Some time ago I have begun reading about the influences of wooden barrels on maturing whisky. I really did not know where to begin. Since Google is our friend, I started there “whisky influence of oak”.

After browsing loads of blogs I started finding science journals for more in depth information. Lots can be found in that kind of information too. Other sources are International standards, laws, guidelines from the industry, websites of distilleries, and pages about wine, port, beer and general brewing.

What did I learn? Here is a short overview of what I learned so far.

Laws prescribe the use of wood in Europe when maturing whisky. In the USA similar laws exist. Scotland also has laws that prescribe the use of wood, particularly only the use of oak.

The time spend in the barrel also has minimal times set to it by law. Depending on the laws and the nations the minimum time differs.

Other laws prescribe the content of the mash bill, thereby setting guidelines for types of whisky. This is mostly done in the USA.

Barrel size influences the speed of chemical processes in a barrel. The speed of these progresses can be, but should not always, be presumed equal to aging or maturation.

The previous content, if any, of the barrel influences the chemical compounds already present in the barrel. It therefore influences the chemical processes that still can happen or that would otherwise not happen. Other chemical processes will not happen anymore, since the reactants have already reacted with the previous content.

The way the barrel is stored influence the open space and the shape of the open space above the liquid in the barrel. Gasses like oxygen will react in different speeds depending on this. The orientation of the barrel in storage, upright or on its side, influences the exploded surface therefore influencing the taste over time. If the bung is in contact with the spirit influences the taste and “water tightness”. Most bungs are not made from oak. Oak is to hard for use as a bung.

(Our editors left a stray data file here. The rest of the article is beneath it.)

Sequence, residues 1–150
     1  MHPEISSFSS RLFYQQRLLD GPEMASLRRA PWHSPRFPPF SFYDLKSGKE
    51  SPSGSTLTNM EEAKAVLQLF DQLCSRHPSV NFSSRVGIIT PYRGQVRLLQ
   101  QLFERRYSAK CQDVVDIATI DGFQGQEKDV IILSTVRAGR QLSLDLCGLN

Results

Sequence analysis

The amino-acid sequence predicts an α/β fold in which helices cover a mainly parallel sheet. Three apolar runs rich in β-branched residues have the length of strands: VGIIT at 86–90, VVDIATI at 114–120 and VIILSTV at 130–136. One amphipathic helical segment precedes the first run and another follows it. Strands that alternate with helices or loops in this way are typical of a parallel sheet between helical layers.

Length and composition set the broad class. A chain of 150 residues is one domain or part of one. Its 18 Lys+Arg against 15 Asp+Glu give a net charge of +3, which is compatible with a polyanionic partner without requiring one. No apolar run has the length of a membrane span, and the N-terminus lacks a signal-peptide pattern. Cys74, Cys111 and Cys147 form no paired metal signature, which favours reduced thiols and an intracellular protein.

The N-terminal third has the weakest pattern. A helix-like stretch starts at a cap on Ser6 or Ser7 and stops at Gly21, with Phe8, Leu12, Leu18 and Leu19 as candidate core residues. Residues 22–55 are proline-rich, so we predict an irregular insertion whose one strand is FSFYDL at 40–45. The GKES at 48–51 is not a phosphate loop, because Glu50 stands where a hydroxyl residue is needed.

Oak has particular properties that no other woods has, also on a cell base level, that influence the absorption of liquid and the blocking of liquid. This is dependent on the part of the tree the oak is taken out of. Near the centre is normally not used since this is where the sap flow is. The oak also influence the gasses able to get into the barrel from the outside and from the inside out.

The inside of the barrels are often, but not always, influenced by fire or heat. In the USA this is called charring and differently than in Europe where it’s called toasting. Different levels of exposing to heat start different processes in the wood. This results in different chemical processes that will or will not happen over time. The carbon layer acts like a filter, just like an active carbon filter does in a breathing apparatus.

The type of grain used can be combinations (mash bill) or just one kind of grain. The biological build-up of these grains result in different reactions taking place throughout the processes used to make and mature whisky. Compounds not present in one grain will not be able to react and will therefore influence the end result.

The yeasts used influence the outcome in a similar way. Yeasts are described in strains and kinds.

The tools used to distil influence the outcome. This is a field on its own but not well documented in science. Science does describe the reactions between heated, evaporated and condensed spirits and the used tools. Copper in the evaporation parts of the stills have a filtering function by combining with sulphur.

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